• Decide if you will invite significant others and/or children. Be polite but clear about your expectations in the invitation. If you plan to keep it employees-only, you can add a small line at the end of the invitation that says, "Employees only, please." Otherwise, you can ask invitees to "Please RSVP for you and a guest." For a family-friendly affair, be sure to emphasize that "Families of employees are welcome to attend."
    • As with any party, the invitation sets the tone. If you send a quick email, your employees will assume it is a casual affair. If you mail a crisp envelope and an embossed card, hand addressed, you are communicating that it is a more formal party.
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    Plan the menu. This can be as simple or complex as your budget and tastes allow. For a low-budget affair, having a company-wide potluck can be fun and affordable!
    • Consider hiring a catering company if many people will be attending or if you plan to serve a whole meal or complex, fancy hors devours.
    • Decide if you want to include alcohol, and if so, if guests will receive a limited amount or if you will have an open bar. Be aware that open-bar parties often lead to intoxication.
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    Plan entertainment. In addition to music (which can be in the form of a live band or a stereo system, depending again on your budget), think of ways to incorporate your company's history into the evening's events.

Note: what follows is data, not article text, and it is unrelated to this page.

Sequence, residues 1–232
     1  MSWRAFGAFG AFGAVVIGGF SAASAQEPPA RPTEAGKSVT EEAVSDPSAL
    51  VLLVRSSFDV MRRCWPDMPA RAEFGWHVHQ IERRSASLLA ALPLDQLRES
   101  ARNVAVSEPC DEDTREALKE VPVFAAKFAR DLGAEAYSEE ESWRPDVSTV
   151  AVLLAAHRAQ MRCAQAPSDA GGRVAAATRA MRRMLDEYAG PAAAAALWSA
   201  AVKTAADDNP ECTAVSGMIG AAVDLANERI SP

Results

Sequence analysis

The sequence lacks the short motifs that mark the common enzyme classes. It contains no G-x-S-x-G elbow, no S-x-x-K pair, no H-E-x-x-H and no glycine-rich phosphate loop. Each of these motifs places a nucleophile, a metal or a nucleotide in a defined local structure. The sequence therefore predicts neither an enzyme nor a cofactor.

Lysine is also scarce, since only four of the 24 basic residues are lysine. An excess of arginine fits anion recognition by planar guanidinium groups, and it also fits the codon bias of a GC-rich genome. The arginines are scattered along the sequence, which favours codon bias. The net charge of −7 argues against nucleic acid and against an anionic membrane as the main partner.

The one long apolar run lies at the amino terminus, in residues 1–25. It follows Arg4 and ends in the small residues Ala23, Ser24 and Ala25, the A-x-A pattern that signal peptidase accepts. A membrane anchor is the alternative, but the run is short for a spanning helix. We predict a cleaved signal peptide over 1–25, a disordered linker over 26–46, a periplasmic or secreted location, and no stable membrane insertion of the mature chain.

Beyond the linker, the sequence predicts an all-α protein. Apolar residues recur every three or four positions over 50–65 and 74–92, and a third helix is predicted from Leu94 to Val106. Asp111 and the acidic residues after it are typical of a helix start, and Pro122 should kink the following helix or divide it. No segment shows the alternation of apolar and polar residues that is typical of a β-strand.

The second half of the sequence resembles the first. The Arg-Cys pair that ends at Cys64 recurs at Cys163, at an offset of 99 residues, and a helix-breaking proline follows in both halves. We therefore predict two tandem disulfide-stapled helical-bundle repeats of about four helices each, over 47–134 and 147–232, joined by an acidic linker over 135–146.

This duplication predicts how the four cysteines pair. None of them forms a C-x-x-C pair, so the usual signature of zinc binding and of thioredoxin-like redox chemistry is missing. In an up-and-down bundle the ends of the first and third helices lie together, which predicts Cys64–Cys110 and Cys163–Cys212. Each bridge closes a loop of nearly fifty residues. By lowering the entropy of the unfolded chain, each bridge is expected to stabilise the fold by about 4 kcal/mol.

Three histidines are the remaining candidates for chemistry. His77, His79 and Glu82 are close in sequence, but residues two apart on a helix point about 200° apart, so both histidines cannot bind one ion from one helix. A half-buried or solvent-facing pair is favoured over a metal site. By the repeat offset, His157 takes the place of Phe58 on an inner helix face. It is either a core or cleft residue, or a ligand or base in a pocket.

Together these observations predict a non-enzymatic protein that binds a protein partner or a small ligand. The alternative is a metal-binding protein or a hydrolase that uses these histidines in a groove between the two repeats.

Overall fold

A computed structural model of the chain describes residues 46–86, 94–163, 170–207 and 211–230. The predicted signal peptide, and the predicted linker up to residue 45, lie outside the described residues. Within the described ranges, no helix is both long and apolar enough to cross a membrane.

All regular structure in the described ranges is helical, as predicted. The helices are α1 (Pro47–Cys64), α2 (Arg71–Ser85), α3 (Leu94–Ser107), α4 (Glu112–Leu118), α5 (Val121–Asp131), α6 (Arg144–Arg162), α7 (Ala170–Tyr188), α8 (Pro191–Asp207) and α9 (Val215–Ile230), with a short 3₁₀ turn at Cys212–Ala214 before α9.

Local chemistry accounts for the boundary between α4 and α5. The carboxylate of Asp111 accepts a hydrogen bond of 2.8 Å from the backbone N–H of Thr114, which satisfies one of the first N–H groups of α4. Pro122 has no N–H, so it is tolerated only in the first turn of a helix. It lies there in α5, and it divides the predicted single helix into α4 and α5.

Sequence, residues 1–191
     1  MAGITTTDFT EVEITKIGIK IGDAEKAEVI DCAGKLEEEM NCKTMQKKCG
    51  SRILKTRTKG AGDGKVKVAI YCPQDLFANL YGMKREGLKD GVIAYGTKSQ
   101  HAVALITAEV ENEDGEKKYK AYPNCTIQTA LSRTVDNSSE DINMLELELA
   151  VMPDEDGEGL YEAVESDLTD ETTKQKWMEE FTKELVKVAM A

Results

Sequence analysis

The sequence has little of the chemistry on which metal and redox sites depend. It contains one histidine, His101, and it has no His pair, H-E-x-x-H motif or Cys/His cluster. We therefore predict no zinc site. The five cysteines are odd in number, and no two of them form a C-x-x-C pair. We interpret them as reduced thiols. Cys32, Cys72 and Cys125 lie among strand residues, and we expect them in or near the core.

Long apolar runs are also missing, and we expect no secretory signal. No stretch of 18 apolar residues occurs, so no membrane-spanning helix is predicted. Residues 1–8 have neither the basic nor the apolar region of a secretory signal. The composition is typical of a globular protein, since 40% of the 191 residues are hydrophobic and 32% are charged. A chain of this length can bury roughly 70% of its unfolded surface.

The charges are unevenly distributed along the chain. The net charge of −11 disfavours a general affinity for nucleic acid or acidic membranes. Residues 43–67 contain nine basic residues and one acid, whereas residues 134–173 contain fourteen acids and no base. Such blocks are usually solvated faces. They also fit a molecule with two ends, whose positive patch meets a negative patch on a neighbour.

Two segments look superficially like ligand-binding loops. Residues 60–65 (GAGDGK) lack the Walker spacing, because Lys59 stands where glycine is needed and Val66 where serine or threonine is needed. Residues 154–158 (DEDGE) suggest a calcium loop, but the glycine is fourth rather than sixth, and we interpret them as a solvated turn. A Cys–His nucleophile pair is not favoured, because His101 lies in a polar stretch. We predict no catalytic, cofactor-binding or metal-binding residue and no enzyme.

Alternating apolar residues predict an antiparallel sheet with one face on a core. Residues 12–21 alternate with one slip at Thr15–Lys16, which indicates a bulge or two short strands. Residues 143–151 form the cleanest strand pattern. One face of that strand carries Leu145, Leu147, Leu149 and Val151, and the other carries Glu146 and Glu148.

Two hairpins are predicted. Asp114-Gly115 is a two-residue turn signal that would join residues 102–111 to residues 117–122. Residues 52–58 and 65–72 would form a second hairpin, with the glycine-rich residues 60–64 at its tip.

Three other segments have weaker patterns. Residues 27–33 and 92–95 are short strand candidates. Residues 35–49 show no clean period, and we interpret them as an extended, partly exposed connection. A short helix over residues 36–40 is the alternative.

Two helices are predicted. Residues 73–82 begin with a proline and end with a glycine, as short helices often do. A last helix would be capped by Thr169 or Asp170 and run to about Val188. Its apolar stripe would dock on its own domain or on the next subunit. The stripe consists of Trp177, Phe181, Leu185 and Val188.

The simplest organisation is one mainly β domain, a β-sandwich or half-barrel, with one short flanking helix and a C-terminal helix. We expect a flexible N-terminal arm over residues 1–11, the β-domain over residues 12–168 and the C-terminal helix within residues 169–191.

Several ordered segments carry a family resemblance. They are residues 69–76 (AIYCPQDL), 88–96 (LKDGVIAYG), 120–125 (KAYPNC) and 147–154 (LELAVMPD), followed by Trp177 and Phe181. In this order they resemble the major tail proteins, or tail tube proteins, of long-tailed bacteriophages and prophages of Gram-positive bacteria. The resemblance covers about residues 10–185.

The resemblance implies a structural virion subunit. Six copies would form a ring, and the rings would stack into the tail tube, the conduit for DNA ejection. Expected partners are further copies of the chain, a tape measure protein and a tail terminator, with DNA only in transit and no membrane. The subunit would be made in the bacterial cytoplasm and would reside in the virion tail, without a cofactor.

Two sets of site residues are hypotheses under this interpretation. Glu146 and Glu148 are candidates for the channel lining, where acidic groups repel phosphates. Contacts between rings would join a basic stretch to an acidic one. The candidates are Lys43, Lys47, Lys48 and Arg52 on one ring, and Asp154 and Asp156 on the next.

• Consider asking the owner, president, or department heads to give a toast or short speech about their best memories with the company.
    • If budget allows, you can prepare and show a video or slideshow about the history of the company. You can hire a production company to put something like this together, or do it in-house or by yourself with a lower budget.

Method 2
Commemorating Your Company's Progress

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    Give your employees and/or stakeholders a keepsake. Depending on your budget and how many keepsakes you will need to purchase, there are many great ideas that can be customized to commemorate the founding of your company.
    • Branded apparel, a desk clock engraved with the company name and anniversary year, or a mug with your company logo might make great keepsakes to show your employees or stakeholders that they are appreciated.
    • If you have a large budget and a production department in your company, you could even make a company history book or a short documentary to distribute to your employees.
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    Consider making a charitable contribution. One way to give back to a community for a successful year of business is to give a donation, spend time in volunteer work, or make improvements to a local public space.